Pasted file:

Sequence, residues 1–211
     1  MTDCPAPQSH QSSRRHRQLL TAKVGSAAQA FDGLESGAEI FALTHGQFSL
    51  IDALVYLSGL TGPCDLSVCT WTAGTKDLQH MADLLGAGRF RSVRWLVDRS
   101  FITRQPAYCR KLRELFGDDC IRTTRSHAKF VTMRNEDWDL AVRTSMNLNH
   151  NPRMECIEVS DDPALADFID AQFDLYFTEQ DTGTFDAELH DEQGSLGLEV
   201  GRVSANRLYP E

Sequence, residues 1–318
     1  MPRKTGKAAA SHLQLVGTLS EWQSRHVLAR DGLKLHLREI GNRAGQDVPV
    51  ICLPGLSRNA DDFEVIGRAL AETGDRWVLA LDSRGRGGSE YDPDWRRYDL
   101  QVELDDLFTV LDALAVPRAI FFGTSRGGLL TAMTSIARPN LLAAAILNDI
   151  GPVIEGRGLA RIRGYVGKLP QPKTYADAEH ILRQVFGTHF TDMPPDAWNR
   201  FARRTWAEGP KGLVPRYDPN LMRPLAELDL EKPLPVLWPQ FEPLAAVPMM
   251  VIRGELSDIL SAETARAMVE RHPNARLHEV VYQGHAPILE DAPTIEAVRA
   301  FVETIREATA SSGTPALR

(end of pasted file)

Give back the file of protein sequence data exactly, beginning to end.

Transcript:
Sequence, residues 1–211
     1  MTDCPAPQSH QSSRRHRQLL TAKVGSAAQA FDGLESGAEI FALTHGQFSL
    51  IDALVYLSGL TGPCDLSVCT WTAGTKDLQH MADLLGAGRF RSVRWLVDRS
   101  FITRQPAYCR KLRELFGDDC IRTTRSHAKF VTMRNEDWDL AVRTSMNLNH
   151  NPRMECIEVS DDPALADFID AQFDLYFTEQ DTGTFDAELH DEQGSLGLEV
   201  GRVSANRLYP E

Sequence, residues 1–318
     1  MPRKTGKAAA SHLQLVGTLS EWQSRHVLAR DGLKLHLREI GNRAGQDVPV
    51  ICLPGLSRNA DDFEVIGRAL AETGDRWVLA LDSRGRGGSE YDPDWRRYDL
   101  QVELDDLFTV LDALAVPRAI FFGTSRGGLL TAMTSIARPN LLAAAILNDI
   151  GPVIEGRGLA RIRGYVGKLP QPKTYADAEH ILRQVFGTHF TDMPPDAWNR
   201  FARRTWAEGP KGLVPRYDPN LMRPLAELDL EKPLPVLWPQ FEPLAAVPMM
   251  VIRGELSDIL SAETARAMVE RHPNARLHEV VYQGHAPILE DAPTIEAVRA
   301  FVETIREATA SSGTPALR